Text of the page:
The main principle is that Egypt law will rule to determine the nature of a legal relationship in order to ascertain the law applicable in the event of a conflict between various laws in any particular suit. So the Egyptian law has the dominant hand in this scope as an arbitrator.
The status and the legal capacity of persons are governed by the law of the country to which they belong by reason of their nationality. If, however, in a transaction of a pecuniary nature, concluded and having effect in Egypt, (exception) one of the parties is a foreigner without legal capacity and such lack of capacity is due to a reason that is not apparent and which cannot be easily detected by the other party, this reason has no effect on his legal capacity. The legal status of foreign juristic persons such as companies, associations, foundations, or others, is subject to the law of the State in whose territory such juristic persons have established their actual principal seat of management. If, however, (exception) a juristic person carries on its principal activities in Egypt, Egyptian law will be applied.
The fundamental conditions relating to the validity of marriage are governed by the (national) law of each of the two spouses.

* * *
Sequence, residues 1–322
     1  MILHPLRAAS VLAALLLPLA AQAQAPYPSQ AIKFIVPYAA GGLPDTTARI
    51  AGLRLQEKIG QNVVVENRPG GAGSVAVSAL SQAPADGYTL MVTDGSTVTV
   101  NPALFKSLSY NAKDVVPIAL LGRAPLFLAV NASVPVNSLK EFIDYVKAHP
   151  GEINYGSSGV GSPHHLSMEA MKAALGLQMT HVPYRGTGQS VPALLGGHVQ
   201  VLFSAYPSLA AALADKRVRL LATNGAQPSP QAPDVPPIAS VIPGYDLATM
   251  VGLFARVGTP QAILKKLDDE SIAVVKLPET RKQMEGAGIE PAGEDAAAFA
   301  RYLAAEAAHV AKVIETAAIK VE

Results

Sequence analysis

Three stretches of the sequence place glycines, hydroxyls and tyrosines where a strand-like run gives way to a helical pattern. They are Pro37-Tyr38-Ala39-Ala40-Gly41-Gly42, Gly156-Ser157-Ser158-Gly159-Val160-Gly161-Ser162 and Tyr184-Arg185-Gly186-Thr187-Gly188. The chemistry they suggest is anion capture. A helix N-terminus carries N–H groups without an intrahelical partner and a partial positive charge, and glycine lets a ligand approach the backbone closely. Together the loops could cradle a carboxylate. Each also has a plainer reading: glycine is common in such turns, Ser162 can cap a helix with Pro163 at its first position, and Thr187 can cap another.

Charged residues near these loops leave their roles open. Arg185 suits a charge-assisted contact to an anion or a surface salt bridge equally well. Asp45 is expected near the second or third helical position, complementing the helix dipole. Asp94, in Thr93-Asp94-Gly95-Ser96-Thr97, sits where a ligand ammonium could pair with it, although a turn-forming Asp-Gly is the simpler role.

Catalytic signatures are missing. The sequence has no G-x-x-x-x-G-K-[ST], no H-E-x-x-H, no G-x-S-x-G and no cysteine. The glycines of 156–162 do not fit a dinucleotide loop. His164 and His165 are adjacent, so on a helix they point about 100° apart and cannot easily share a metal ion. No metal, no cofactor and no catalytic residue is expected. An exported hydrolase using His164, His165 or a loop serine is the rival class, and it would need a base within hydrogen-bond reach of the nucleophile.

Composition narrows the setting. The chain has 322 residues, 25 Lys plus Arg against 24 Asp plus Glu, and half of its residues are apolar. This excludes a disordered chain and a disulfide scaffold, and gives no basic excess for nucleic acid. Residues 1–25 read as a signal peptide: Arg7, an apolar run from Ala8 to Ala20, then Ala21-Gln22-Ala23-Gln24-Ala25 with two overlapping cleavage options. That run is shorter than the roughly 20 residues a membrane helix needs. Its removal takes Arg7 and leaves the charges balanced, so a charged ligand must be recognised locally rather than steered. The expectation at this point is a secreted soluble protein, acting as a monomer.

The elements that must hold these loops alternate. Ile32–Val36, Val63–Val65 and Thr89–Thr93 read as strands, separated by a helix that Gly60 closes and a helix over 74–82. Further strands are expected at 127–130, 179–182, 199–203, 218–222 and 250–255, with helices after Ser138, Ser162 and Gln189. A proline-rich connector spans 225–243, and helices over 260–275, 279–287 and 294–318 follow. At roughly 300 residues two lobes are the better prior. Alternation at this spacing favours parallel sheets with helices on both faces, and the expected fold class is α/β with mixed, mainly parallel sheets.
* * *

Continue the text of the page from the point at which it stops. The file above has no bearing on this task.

The effects of marriage, including its effects upon the property of the spouses, are regulated by the law of the country to which the husband belongs at the time of conclusion of the marriage. Repudiation of marriage is governed by the law of the country to which the husband belongs at the time of repudiation, whereas divorce and separation are governed by the law of the country to which the husband belongs at the time of the commencement of the legal proceedings (means divorce).
Main rules if one of the two spouses is an Egyptian in the cases of (The fundamental conditions, the effects of marriage, Repudiation or divorce)
If, one of the two spouses is an Egyptian at the time of the conclusion of the marriage, Egyptian law alone shall apply except as regards the legal capacity to marry.
Obligations as regards payment of alimony to relatives are governed by the (national) law of the person liable for such payment.
The (national) law of a person who should be protected shall apply in respect of all fundamental matters relating to natural and legal guardianship, receivership, and other forms of protection of persons without legal capacity and of absent persons.
Inheritances, wills and other dispositions taking effect after death are governed by the (national) law of the de cujus, the testator or the person disposing of property at death. The form of a will, however, is governed by the (national) law of testator at the time the will is made, or by the law of the country in which the will is made. The same principles apply to the form of other dispositions taking effect after death